Final Task Force Meeting Lays Groundwork For Permanent Drug Abuse Commission

Dec 6, 2016

Credit Sarah Fentem / WBAA

A group created to respond to Indiana's growing drug abuse epidemic will now give way to a permanent commission studying the same topic.

The Governor’s Task Force on Drug Enforcement, Treatment and Prevention met for the final time Monday.

The temporary task force was created to study the state’s drug epidemic and recommend actions to the governor. A permanent replacement —the Indiana Commission to Combat Drug Abuse—will begin meeting in 2017.

The task force was initially set to meet three times, but it soon became apparent to health officials the problem merited more attention—the task force conducted 12 meetings around the state. 

The original group showcased leaders from many diverse professional sectors, including representatives from the Indiana Chiefs of Police as well as representatives from the insurance, medical and faith-based communities.

The law directs the new 18-member commission made up almost entirely of heads of Indiana government agencies, such as the Indiana Criminal Justice Institute and the Family and Social Services Administration. The final list must be approved by incoming governor Eric Holcomb.

Task force co-chair John Wernert says that’s by design. He says the first task force was about learning—that’s why its meeting locations moved around the state. The new commission will be focused on directing policy and working with the legislature.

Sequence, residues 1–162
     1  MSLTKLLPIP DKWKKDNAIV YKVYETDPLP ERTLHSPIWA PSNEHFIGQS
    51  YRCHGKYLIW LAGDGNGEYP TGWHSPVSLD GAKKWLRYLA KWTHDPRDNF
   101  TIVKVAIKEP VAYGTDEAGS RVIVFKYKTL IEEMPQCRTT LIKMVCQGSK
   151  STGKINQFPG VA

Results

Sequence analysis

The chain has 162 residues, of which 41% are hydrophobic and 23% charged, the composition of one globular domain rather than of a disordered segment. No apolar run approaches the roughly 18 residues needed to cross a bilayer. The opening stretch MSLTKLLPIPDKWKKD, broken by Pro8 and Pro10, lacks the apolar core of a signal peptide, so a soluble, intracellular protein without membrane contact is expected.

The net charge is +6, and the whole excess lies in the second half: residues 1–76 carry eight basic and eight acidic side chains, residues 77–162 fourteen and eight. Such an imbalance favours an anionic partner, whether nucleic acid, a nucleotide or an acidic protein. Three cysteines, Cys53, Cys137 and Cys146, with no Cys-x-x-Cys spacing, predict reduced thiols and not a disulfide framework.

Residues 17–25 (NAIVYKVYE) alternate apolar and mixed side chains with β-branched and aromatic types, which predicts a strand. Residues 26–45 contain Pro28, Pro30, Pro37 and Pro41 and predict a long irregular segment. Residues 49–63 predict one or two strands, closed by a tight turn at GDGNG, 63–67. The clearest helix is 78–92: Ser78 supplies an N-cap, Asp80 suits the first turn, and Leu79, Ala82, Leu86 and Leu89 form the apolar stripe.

Now going forward whether its legislation or actually changing public policy we’ll be able to do that with the agencies.

Werner says the new commission has its work cut out for it. Indiana’s drug problem, he says, is mutating and, in some cases, becoming more alarming.

“The lethality and the potency of the drugs that are now available are killing more folks,” he says. “Even reviving individuals who are using synthetic fentanyl requires three or four doses of Narcan.”

All in all, the original task force made 19 recommendations over 15 months, such as suggesting the Family and Social Service Administration remove prior authorization requirements for physicians who want to prescribe addiction fighting medications.

The group also endorsed certain opioid prescribing guidelines and recommend making changes to the state’s INSPECT drug monitoring system.

According to the task force’s final report, all 19 of the requests have been or are in the process of being implemented.